Well unlike Hartsdown, North Foreland is complicated and little bit messy.  It clearly saw Iron Age life, definitely in the Middle and Late periods and we know the Romans found it too.

From the evidence we have seen it seems that St Stephen’s College was the place to be, it was multi-phase and expanding, suggesting a strong and stable economy.  The presence of Continental material culture and inspiration was clear and life was seemingly good.  However, it is difficult to place Stone Road and Bishops Avenue into that picture, were they areas of industry? Or of trade? Do they hint at a regional house form? Maybe it is the possible missing evidence at Castle Keep, ‘Beauforts’ and Albert Lodge that held the answers.  As in the case of Hartsdown, consideration needs to be given as a whole, the geographical area considered is not huge; there is a danger of missing big picture through looking at little ones.  Stone Road and Bishops Avenue could have easily have been one site, focusing on the exact same thing during the Iron Age.  North Foreland is without doubt thriving, but this evidence has provided more questions than it has answers.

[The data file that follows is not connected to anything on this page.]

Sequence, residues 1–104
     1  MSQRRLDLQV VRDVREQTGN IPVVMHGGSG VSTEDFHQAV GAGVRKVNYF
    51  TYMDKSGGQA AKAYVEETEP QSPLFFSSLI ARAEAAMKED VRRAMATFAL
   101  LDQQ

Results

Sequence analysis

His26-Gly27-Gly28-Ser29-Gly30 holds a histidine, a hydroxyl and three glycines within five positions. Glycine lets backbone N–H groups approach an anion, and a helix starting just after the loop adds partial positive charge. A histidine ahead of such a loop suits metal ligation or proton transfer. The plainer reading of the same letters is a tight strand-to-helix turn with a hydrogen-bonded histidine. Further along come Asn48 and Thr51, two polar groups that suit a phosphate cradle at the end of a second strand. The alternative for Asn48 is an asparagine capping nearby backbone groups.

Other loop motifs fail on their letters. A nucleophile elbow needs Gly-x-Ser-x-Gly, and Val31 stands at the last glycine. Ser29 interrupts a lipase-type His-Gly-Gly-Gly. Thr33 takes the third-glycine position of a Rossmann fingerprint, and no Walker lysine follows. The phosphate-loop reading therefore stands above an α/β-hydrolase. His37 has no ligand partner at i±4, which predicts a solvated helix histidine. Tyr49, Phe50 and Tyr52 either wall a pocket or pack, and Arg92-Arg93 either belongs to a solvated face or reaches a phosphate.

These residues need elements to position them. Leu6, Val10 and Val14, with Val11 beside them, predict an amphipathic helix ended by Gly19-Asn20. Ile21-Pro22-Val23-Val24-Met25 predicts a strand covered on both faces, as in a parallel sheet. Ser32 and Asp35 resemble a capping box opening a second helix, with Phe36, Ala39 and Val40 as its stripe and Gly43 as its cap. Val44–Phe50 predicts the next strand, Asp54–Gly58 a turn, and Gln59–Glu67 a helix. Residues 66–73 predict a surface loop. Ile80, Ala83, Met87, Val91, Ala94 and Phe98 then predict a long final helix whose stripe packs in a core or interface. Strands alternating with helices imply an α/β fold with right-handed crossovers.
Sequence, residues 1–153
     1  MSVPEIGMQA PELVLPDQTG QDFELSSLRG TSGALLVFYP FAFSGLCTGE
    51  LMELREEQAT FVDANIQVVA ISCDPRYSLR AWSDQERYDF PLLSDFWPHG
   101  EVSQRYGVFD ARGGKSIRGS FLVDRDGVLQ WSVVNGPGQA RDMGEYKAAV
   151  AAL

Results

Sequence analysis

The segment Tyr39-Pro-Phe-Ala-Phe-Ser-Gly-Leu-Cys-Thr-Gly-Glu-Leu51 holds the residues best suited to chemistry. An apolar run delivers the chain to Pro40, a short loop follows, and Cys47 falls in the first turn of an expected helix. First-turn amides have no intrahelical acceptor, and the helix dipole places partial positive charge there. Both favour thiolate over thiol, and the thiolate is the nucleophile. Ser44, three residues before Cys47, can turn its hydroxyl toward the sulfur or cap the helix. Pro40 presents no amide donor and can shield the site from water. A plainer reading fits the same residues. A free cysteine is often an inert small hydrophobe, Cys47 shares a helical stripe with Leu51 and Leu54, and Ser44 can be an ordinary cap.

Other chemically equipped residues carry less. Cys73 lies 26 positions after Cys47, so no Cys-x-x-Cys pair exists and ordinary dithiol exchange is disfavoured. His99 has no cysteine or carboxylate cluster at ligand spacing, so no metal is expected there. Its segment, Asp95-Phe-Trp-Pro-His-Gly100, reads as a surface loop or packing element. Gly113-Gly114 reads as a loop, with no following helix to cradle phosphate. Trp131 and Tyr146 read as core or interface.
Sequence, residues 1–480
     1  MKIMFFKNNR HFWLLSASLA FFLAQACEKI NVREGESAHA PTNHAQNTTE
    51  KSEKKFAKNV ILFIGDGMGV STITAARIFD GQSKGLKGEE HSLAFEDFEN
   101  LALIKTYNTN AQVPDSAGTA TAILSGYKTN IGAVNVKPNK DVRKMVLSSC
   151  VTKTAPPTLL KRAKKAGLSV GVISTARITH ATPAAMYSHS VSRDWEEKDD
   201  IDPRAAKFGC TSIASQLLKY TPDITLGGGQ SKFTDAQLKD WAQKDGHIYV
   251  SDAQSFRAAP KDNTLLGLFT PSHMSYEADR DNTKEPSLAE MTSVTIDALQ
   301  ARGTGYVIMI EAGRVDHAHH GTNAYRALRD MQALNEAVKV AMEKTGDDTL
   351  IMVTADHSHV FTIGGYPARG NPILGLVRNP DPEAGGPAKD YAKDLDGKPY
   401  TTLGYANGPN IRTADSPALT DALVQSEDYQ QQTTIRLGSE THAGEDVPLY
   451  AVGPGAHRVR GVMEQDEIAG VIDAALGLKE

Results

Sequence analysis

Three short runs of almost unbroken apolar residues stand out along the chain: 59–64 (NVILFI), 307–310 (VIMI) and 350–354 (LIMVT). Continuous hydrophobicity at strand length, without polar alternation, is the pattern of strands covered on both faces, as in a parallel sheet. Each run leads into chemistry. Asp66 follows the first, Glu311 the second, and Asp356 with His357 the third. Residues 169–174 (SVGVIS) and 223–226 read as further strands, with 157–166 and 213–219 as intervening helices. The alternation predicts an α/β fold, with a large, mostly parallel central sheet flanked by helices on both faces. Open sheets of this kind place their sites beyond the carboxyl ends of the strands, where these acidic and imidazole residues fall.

The next area I will explore is Central Broadstairs, but be sure to keep North Foreland in mind while reading…I have a feeling it has a lot more to offer. 
Until then keep exploring and keep in touch via FacebookTwitter and email:

Infleuntial Reading

Boast et al. 2006 Excavations at St Stephen's College, North Foreland, Broadstairs Kent: Archaeological Excavation Report Thanet Archaeological Trust Unpublished

Hart, P.C. 2005 'Beauforts', North Foreland Avenue, Broadstairs, Kent: Archaeological Report Thanet Archaeological Trust Unpublished

Hart, P.C. 2006a Groundworks Associated with the Construction of a Swimming Pool at Albert Lodge, North Foreland, Broadstairs, Kent: Archaeological Watching Brief Report Thanet Archaeological Trust Unpublished